Before I get onto the review, a note (in case you didn’t know) that Satriani’s May UK tour dates have been pushed back to April/May 2021 for obvious reasons. Existing tickets are still valid for the new dates. OK, the new music…
With a Satchmo album you both know what you expect and you don’t. There’s always going to be a huge variety of styles, it’s just guesswork as to which of the many areas of the guitar spectrum he’s going to hit us with on any given release. The one thing that rarely (if ever) results is disappointment. Spoiler: this is not a disappointing album!
As with the vast majority of his releases, this is a purely musical effort with no vocals featuring a lucky baker’s dozen of guitar based rock tracks. I thought the opening number, the title track, was good (funky, boogy with soaring solos) until the recently-released balls-out rocker “Big Distortion” came on next. Raucous and toe-tapping, this is as good as modern era Satriani gets. I doubt anything will hit the heights of “Surfing With The Alien”, but that’s just my old stuck-in-the-past biased self talking. “Big Distortion” is a big rock track with simple riffs and rhythms woven together in a complex way. Nothing new from Satriani there, then.
“All For Love” is, perhaps unsurprisingly, more plaintive given the title. It sounds familiar to older material, but in a good way, and the fretwork even on this laid back track is incredible. I’d love to know the story behind the title of “Ali Farka, Dick Dale, an Alien and Me”, and a quick Google reveals that Farka was a Malian singer and guitarist who died in 2006. There is a definite African rhythm to the drumbeats and Dick Dale was the progenitor of the “surf” guitar sound which overlays these. This is one of these combinations that’s perhaps been waiting to happen for decades and it’s taken Satchmo to finally fuse them together.
“Teardrops” is as melancholic as you would expect, and surprisingly one of my top tracks on the album as it just seems more emotive than the others. It flips into “Perfect Dust” which wouldn’t be out of place on a country LP. See what I mean about Satriani’s ability to skip all over the place musically? “Nineteen Eighty” is superb, and could almost pass for AC/DC with the guitar tones used in the opening flurry. It’s definitely a homage to the rock records of that era without being a direct rip of any of them, and the track that sounds most like the earlier material of which I’m most fond.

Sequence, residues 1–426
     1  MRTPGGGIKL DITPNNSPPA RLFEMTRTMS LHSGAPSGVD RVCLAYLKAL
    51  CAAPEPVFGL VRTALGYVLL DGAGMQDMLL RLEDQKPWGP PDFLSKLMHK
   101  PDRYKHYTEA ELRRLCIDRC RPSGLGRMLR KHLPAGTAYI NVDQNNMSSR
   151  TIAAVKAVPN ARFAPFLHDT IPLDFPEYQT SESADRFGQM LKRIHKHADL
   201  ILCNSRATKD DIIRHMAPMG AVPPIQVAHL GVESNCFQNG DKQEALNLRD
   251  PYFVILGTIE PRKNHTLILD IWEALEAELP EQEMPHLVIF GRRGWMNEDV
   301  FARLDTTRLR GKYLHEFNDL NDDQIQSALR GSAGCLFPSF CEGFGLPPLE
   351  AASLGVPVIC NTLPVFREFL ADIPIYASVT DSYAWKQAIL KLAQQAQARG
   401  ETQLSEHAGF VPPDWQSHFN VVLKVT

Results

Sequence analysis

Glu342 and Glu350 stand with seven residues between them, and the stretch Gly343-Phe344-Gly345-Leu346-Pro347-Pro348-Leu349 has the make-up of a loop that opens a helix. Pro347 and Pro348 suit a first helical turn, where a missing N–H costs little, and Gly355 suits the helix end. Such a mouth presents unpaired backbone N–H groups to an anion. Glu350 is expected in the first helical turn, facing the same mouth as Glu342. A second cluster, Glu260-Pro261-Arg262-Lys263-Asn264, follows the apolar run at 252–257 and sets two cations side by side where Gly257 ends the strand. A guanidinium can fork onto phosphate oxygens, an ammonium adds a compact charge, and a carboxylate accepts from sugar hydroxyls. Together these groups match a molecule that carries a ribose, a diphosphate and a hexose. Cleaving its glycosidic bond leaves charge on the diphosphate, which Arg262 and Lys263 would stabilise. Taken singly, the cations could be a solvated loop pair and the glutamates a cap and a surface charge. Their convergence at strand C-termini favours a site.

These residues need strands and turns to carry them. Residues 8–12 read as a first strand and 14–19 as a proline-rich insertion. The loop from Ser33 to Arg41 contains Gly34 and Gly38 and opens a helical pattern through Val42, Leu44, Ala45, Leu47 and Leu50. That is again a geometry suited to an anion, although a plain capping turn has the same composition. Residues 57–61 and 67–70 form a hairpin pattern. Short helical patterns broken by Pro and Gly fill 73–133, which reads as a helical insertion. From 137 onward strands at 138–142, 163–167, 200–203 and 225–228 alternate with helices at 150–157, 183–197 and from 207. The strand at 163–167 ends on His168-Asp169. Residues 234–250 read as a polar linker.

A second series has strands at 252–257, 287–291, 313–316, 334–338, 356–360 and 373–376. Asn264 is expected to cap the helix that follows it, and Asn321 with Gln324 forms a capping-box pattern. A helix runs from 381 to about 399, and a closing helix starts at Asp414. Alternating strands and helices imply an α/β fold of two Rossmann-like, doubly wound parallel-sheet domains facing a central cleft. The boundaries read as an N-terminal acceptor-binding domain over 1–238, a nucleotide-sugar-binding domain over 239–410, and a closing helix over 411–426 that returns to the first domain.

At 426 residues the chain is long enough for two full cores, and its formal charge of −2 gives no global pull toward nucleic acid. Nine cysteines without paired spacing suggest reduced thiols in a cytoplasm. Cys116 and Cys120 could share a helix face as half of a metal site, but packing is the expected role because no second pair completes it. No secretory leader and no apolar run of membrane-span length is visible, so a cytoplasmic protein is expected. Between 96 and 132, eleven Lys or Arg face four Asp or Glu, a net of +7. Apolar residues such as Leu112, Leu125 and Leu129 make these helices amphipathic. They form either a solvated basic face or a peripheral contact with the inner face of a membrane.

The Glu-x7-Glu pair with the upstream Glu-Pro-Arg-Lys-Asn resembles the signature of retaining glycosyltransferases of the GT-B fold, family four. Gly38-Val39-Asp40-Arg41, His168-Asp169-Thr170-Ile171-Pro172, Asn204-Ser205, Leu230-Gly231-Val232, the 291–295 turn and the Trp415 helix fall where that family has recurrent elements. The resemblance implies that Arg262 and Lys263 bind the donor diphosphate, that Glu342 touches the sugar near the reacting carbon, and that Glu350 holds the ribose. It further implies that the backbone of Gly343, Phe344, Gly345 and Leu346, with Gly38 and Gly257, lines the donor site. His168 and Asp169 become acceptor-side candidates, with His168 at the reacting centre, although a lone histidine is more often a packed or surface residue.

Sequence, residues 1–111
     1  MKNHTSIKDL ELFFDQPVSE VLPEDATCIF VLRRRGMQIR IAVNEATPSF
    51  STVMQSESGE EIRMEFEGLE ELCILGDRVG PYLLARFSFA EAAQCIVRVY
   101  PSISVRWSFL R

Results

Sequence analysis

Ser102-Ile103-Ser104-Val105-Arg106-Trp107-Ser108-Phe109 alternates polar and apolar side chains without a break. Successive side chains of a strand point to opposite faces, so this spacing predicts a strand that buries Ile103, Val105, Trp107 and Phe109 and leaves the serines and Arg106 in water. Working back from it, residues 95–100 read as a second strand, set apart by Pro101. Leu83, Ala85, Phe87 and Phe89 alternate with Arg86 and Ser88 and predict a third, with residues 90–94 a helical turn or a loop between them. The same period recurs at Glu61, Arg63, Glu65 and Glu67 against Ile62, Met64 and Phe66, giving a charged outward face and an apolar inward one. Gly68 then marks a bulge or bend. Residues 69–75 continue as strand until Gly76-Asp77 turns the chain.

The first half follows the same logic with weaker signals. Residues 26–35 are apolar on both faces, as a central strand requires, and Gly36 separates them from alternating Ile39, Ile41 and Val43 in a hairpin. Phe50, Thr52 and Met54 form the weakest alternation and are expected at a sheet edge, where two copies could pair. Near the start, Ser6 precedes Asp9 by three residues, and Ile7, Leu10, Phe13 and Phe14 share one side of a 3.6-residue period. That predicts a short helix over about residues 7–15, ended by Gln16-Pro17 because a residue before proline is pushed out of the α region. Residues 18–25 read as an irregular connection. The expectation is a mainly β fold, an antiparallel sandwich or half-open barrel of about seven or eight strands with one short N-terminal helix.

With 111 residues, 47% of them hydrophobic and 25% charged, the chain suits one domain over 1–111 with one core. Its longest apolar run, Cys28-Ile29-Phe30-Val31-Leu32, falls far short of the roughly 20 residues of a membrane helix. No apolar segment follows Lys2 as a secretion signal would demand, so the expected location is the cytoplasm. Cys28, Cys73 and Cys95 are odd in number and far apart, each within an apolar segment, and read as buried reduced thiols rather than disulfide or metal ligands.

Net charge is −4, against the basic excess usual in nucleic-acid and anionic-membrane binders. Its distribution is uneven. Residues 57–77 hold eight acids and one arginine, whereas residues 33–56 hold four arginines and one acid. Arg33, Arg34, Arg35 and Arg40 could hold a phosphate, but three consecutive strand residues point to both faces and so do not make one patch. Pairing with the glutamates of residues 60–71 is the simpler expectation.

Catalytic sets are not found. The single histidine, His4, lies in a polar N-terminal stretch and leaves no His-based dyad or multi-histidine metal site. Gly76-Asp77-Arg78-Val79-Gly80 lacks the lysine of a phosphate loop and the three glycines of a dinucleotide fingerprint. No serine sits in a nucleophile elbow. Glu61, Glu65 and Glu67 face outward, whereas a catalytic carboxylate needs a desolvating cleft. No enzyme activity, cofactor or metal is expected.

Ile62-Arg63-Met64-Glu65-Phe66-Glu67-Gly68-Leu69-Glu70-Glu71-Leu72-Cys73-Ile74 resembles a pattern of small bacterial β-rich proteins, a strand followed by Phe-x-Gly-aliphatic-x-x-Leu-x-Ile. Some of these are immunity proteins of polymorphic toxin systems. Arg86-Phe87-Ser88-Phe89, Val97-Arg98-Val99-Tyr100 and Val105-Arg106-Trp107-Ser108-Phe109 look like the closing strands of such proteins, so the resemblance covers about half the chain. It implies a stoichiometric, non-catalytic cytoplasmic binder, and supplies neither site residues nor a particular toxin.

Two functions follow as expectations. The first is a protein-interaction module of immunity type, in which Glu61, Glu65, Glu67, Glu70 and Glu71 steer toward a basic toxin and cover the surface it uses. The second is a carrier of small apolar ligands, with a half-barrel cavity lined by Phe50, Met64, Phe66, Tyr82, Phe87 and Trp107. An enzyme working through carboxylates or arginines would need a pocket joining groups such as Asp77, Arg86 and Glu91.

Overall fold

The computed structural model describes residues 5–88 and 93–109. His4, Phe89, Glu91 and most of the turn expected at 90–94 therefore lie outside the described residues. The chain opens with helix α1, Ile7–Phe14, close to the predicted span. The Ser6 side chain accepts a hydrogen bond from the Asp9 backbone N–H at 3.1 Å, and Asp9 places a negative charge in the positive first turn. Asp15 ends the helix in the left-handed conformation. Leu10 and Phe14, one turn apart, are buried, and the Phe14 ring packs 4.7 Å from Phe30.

Another change of pace for “All My Friends Are Here” which crams one of the best riffs on the album – a simple chord-hopping ditty – with multiple rambling solos. “Spirits, Ghosts and Outlaws” is a grumbling hard rock number designed for the road hog, while “Falling Stars” lets the bass plunking come to the fore with its easy-going lilting notes.
The album comes to a conclusion through “Waiting”‘s gentle flow, “Here the Blue River”‘s funky tones and “Yesterday’s Yesterday” which should bring a skip to anyone’s step. A bouncy little banjo-esque number which demands to be played when the sun is shining.
To wrap back to the start – this is a typical collection from the master of guitar instrumentals. With backing musicians who know how to let the six strings take credit while not being belittled themselves, this is a wonderfully varied album and one which will delight Satriani fans old and new.
Header image by Joseph Cultice
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